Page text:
Although the State of Delaware Office of Auditor of Accounts released a report on its inspection of the Town of Frankford’s financials, the town council and some citizens are dissatisfied with the findings.
Earlier this month, the Town of Frankford filed a statement of appeal to the State’s Environmental Appeals Board following the decision of Delaware Department of Natural Resources Secretary David Small related to well permits issued to Mountaire Farms.
Last week, the State of Delaware Office of Auditor of Accounts released its report on the inspection of the Town of Frankford.
Frankford Town Council members have expressed by letter and in comments at the council’s regular August council meeting that they are “disappointed” in the state auditor’s report on its investigation into town finances.
An atypical Planning & Zoning meeting was held in the Town of Frankford on July 6, planned to review two applications — one for a temporary office building, the other a minor subdivision.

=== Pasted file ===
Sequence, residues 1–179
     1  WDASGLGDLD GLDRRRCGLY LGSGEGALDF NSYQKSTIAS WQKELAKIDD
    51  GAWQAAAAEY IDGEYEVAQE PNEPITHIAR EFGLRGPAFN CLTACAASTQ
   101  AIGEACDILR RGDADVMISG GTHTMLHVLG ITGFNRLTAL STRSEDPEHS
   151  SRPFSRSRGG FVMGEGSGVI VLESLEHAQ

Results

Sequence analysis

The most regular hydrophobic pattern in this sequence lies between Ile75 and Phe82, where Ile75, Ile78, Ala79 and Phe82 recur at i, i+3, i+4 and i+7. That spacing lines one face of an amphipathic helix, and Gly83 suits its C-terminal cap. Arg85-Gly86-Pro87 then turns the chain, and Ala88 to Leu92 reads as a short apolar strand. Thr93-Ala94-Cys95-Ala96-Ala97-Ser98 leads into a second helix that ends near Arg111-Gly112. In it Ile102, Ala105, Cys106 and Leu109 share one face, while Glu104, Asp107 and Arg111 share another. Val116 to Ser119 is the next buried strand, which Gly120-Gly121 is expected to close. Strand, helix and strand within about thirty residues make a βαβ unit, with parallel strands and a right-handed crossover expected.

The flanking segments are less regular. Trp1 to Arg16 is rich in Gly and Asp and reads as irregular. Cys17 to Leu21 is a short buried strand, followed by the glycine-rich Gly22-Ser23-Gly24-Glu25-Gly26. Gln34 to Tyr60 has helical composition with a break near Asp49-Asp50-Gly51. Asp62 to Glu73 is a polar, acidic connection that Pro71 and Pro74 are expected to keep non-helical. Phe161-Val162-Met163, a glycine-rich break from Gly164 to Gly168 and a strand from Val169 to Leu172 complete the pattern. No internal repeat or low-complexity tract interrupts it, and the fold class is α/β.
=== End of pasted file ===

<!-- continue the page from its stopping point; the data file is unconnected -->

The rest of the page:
The meeting started almost 30 minutes late, as there was not a quorum of members. While Commissioners Duane Beck and Ronald Hall were in attendance, Dora Bell-Isler and Jason Taylor were not present.
The Town of Frankford held its first public hearing for the 2017-fiscal-year budget on June 2.
Property owner Kathy Murray, who sat on the Budget Committee, reported to the council that the group met nine times, and had met with each council member regarding the town departments they oversee.
The Ocean View Police Department is seeking the public’s assistance in locating 27-year-old Jamar A. Manuel of Frankford, after he allegedly fled on foot from police when stopped for driving on a suspended/revoked license.
It’s here! The unofficial start of the summer season at the Delaware shore has arrived with Memorial Day weekend, and it’s a time of transition for the area, as the relatively quiet second season of spring sprouts into the hustle and bustle that is the resort area’s high season.